Following the example of leading scholars and practitioners in the UK, NPC defined numeracy beyond the simple ability to calculate:
“Numeracy is not a set of rules about how to add or divide, but is a way of approaching and solving a problem with numbers and symbols. … To be numerate means to be competent, confident, and comfortable with one’s judgement on whether to use mathematics in a particular situation and if so, what mathematics to use, how to do it, what degree of accuracy is appropriate, and what the answer means in relation to the context.”
Often the conversation around maths is focused on high level numeracy skills. For the purposes of tackling disadvantage, NPC highlighted the issue of those with very poor numeracy skills and pulled together existing research on the status quo to lead into suggesting possible interventions. Poor numeracy is closely co-related with a number of negative social outcomes including: being unemployed, behavioural difficulties, school exclusion and crime.
Socio-economic disadvantage is one predictor of poor performance in numeracy. However, the quality of teaching in schools is another key factor. Schools across the UK do not deliver adequately numerate adults. This is not necessary because students do achieve the preferred GCSE maths qualification. About a quarter of those who do, are not performing at the equivalent adult level immediately after. NPC connect that outcome to Ofsted’s assessment that the teaching of mathematics at UK schools involves too much “teaching to the test”.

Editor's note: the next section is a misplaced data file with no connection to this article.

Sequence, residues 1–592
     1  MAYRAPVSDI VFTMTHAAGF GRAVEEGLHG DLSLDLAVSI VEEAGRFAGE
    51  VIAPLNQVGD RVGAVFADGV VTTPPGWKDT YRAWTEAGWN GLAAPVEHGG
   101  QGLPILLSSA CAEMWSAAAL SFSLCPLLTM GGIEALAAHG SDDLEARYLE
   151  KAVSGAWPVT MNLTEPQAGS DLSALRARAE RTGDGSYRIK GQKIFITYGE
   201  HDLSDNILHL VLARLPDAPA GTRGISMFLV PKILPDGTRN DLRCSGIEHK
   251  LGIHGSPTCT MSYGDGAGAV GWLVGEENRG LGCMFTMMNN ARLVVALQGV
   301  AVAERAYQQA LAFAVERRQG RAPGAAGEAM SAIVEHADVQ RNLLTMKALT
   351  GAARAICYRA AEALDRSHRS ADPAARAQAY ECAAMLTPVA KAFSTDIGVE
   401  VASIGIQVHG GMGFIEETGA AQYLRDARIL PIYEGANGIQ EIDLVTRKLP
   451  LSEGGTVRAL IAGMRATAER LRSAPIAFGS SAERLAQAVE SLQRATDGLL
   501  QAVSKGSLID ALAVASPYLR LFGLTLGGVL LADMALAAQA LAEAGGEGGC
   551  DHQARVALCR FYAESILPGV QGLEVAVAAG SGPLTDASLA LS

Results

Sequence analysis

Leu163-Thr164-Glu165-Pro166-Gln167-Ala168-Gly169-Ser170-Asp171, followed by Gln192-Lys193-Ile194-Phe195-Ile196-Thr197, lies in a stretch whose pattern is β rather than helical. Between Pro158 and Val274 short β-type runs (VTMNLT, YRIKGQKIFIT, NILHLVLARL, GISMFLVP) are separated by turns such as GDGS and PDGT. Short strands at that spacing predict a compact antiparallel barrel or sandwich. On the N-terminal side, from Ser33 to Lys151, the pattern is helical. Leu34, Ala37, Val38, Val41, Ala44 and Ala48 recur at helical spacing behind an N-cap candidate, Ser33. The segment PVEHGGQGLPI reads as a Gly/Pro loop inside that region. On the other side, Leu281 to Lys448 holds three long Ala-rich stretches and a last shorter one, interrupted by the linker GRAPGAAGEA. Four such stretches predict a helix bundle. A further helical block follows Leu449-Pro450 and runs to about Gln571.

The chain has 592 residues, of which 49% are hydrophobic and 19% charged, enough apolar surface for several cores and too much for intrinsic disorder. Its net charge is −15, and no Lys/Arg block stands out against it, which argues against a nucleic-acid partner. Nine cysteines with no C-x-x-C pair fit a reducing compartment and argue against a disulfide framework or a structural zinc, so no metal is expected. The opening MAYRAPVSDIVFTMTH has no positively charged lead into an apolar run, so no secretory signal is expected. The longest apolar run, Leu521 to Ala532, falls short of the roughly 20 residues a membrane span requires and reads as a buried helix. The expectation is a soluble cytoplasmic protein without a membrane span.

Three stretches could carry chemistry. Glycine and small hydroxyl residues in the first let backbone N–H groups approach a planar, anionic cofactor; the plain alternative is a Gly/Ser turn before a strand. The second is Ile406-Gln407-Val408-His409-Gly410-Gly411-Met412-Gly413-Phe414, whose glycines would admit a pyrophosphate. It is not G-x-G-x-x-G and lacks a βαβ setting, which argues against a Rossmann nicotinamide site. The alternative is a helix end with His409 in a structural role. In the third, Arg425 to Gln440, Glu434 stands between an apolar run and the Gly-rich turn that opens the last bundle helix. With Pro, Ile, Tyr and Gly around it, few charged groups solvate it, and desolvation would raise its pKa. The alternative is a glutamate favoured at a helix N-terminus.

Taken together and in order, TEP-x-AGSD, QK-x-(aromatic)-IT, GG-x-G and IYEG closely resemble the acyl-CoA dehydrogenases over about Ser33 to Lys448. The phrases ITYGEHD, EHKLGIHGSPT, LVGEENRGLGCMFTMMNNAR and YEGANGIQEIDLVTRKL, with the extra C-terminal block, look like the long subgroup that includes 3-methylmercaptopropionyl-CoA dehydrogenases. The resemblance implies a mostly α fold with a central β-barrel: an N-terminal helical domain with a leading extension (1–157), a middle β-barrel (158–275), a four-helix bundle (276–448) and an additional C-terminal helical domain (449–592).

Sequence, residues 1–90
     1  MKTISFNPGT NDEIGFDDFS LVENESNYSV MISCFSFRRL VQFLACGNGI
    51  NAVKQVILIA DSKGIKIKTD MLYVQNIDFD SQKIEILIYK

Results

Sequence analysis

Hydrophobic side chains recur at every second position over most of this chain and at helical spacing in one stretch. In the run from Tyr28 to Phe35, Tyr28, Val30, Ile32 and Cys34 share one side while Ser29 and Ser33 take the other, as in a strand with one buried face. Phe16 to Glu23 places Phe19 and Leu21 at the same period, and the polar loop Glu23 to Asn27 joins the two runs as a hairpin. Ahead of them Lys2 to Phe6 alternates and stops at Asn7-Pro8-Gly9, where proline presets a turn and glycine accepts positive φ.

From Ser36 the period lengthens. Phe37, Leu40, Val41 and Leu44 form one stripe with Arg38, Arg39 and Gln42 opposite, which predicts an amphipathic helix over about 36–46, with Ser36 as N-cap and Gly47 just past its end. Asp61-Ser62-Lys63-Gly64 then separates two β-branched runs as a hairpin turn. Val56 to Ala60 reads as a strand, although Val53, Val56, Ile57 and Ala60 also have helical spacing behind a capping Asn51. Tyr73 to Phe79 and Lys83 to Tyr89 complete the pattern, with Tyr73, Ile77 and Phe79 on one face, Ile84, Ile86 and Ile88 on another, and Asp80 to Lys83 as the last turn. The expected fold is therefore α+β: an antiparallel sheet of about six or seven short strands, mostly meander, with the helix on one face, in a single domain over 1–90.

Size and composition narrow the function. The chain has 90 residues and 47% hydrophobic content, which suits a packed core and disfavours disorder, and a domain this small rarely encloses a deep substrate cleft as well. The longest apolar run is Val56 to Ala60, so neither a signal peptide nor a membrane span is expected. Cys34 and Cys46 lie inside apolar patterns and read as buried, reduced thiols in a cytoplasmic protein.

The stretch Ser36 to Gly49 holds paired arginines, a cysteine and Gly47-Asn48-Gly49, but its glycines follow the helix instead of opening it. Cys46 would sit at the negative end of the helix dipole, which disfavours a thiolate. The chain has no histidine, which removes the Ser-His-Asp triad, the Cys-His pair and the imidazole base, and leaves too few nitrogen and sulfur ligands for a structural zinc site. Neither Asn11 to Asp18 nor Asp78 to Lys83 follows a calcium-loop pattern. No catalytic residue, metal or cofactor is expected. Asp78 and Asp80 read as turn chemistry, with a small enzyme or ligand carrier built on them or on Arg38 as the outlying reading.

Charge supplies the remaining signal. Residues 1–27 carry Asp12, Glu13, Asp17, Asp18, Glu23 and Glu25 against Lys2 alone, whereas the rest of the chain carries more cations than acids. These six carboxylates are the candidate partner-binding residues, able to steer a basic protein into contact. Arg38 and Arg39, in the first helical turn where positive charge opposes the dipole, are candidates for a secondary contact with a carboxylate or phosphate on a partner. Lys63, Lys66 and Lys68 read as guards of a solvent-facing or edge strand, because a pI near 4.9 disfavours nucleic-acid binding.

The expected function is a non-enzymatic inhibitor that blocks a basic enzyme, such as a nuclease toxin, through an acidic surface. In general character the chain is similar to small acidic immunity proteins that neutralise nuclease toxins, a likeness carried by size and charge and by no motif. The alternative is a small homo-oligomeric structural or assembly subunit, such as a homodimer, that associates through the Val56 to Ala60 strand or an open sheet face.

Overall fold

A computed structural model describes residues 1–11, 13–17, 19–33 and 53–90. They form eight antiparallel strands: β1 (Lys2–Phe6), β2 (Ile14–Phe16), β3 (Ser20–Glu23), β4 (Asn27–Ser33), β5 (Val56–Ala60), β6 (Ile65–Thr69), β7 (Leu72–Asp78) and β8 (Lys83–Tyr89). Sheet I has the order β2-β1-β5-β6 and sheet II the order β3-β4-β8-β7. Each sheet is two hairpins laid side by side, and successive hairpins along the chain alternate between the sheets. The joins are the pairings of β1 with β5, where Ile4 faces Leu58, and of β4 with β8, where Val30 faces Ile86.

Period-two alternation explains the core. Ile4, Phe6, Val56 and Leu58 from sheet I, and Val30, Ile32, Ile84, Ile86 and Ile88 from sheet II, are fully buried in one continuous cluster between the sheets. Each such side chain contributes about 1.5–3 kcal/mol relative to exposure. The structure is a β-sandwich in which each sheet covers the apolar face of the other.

Adults with poor numeracy face significant barriers: ingrained fear of maths, dislike of classroom-based teaching, low self-esteem. They need motivation and incentives to learn - such as better employment opportunities or improved ability to help children with homework. When learning is delivered, it needs to be embedded in relevant contexts so it can engage learners’ attention and so give them the skills they need.
Attitudes are the biggest barrier to achieving in maths – particularly the belief that numbers are something that you are either good or bad at, rather than a skill that you can improve. In particular, gender plays a part in this misconception. The belief that girls struggle more with maths than boys becomes a self-fulfilling prophecy.
The wider report provides a deeper look into the different ways in which the government, together with the third sector, can deliver better results in the area of low numeracy.